eDossea strives to provide a hub for secure file-sharing between dentists and specialists. Screenshot from edossea.com.
Surveying the employment landscape last year in search of his next opportunity, Shawn Harrington found something he could really sink his teeth into with eDossea, a secure, online file-sharing network for the dental industry.
“Looking at the (dental) industry, how there was a need for better communication, it just made sense,” Harrington said in a phone interview last month. “I believed in it — what the company was trying to do, what eDossea’s goals were — and I just wanted to get involved.”
So Harrington became Employee No. 1 for eDossea. eDossea, a web-based portal, allows dentists to upload electronic health records to share them with referred specialists (such as oral surgeons and endodontists), giving both the dentist and specialist secure, direct access to patient records.
The technology behind eDossea was created by Harrington’s silent partner in the business. Harrington, who has a background in sales, handles day-to-day operations for the startup.
Harrington believes recent changes to HIPAA laws could cause a major uptick in the pace of those operations. He says eDossea is positioned to capitalize on more stringent standards that were recently passed sharing records online.
“Changes at the federal level are really changing the space,” Harrington (left, photo from twitter.com) said. “And it’s really going to create a problem for (practitioners). They really need to find that solution. So we’re just trying to show that, hey, we’re ready. We have a product ready to go.”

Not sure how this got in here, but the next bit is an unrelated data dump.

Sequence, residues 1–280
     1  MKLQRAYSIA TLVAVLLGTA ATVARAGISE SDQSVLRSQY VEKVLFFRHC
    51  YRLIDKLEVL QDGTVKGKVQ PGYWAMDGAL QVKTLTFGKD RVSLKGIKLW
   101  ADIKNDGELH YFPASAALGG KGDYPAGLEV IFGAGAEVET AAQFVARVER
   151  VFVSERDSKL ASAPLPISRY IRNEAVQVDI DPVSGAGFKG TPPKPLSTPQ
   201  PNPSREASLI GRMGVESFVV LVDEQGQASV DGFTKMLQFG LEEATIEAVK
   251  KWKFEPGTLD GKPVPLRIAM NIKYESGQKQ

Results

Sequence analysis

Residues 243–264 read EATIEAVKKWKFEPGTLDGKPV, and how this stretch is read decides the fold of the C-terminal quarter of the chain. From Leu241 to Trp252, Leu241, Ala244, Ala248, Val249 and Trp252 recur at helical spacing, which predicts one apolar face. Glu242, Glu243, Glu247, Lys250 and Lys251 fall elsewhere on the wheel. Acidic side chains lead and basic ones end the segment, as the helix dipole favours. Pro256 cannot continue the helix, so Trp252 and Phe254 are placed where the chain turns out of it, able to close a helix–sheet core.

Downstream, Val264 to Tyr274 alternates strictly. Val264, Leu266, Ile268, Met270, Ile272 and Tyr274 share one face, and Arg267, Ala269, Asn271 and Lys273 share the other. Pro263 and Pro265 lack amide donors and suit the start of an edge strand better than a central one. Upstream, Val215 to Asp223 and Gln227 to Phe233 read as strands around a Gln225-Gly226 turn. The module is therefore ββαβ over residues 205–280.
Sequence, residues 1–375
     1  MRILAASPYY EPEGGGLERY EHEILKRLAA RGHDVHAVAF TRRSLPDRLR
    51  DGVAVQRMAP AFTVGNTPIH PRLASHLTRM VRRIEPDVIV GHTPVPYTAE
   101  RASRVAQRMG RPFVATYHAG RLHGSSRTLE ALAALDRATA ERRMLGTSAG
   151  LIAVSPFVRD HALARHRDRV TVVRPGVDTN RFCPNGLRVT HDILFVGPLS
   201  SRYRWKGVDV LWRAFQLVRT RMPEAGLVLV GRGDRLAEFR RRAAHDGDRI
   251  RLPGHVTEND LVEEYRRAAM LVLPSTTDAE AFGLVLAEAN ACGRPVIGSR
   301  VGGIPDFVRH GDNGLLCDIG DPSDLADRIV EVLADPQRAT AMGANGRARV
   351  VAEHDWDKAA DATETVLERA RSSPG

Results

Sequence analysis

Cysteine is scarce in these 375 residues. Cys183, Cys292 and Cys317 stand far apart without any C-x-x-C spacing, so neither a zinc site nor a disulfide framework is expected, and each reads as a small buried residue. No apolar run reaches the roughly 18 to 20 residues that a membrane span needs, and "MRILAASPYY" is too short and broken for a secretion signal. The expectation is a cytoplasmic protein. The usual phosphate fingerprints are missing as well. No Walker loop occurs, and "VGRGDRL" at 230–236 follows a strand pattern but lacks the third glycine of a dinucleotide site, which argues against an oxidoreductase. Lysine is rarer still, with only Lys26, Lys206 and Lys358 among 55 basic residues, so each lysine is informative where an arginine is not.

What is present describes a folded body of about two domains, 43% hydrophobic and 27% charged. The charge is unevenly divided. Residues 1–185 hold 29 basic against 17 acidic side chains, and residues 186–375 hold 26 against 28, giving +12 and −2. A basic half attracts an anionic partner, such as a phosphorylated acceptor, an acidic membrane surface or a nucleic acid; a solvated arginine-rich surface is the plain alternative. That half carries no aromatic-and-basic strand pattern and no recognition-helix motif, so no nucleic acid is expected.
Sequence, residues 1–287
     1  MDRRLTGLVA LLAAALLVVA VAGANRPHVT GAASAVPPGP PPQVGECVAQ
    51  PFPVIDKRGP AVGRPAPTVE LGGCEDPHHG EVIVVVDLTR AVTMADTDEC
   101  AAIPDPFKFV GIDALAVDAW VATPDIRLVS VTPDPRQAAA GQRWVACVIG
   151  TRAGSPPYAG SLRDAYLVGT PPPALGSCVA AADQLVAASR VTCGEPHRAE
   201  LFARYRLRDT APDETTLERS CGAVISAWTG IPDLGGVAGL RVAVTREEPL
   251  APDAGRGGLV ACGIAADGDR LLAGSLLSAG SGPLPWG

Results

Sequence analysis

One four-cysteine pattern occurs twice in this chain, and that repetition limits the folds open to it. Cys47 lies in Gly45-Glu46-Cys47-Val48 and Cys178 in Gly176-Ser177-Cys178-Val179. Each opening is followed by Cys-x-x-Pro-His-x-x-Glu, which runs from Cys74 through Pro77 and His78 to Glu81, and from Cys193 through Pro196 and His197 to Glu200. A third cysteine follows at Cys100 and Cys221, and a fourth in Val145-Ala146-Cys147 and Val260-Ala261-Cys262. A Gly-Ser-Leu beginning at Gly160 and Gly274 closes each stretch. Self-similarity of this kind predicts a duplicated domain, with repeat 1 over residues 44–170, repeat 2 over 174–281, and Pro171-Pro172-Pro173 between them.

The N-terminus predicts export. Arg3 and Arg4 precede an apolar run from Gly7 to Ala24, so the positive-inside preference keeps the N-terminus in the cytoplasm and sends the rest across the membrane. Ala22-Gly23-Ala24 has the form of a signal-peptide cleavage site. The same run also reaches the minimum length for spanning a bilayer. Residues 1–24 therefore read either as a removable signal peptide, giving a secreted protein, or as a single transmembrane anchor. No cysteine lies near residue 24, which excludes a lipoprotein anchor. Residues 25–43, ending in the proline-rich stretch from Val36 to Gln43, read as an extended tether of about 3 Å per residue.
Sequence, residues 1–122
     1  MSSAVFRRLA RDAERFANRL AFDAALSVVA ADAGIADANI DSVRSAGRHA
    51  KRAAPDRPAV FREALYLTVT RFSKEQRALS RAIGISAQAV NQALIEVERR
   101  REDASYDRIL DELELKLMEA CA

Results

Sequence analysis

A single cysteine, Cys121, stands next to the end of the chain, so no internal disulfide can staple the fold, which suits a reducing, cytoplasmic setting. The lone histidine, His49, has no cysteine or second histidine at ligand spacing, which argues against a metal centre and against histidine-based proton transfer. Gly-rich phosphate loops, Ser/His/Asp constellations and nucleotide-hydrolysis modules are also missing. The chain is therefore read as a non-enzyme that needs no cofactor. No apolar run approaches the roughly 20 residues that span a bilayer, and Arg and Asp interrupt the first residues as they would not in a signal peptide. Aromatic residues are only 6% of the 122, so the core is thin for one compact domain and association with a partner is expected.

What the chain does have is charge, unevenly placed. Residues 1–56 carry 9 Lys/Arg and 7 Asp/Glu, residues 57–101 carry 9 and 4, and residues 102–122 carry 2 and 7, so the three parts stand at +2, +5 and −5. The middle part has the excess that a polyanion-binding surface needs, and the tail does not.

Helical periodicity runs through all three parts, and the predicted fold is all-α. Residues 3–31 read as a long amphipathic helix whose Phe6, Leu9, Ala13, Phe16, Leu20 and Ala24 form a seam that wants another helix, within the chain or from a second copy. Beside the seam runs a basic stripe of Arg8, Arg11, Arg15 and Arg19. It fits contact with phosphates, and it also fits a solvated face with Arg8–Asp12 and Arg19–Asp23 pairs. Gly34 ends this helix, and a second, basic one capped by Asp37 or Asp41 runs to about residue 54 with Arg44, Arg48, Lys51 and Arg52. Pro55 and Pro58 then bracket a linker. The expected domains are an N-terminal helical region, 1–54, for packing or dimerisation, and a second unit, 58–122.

eDossea launched in limited private beta last December and wrapped up the beta phase this summer. In August, after undergoing some final tweaks and the addition of a payment system, eDossea was made available to the public.
Harrington said eDossea, which charges an $80 monthly subscription fee, has a couple dozen clients. The startup received a $75,000 demo fund from the Iowa Department of Economic Development but has not actively sought outside funding besides that.
It’s clear in talking to Harrington that recent regulatory changes enhance his initial excitement over eDossea, which is bringing to reality an idea he feels was long overdue.
“Just hearing the stories of doctors exchanging disks to transfer X-rays — sticking them in the mail, taking 3-5 days to get these records in between clinics — this was one of the most efficient ways that they felt they (could do) it,” he said. “And just looking at the wave of cloud computing and web technologies, what they can do now, it’s tying this all in.”
*Update Nov. 14, 2:30 p.m. – eDossea received a $75,000 demo fund from the Iowa Department of Economic Development. This article originally stated the demo fund was $50,000.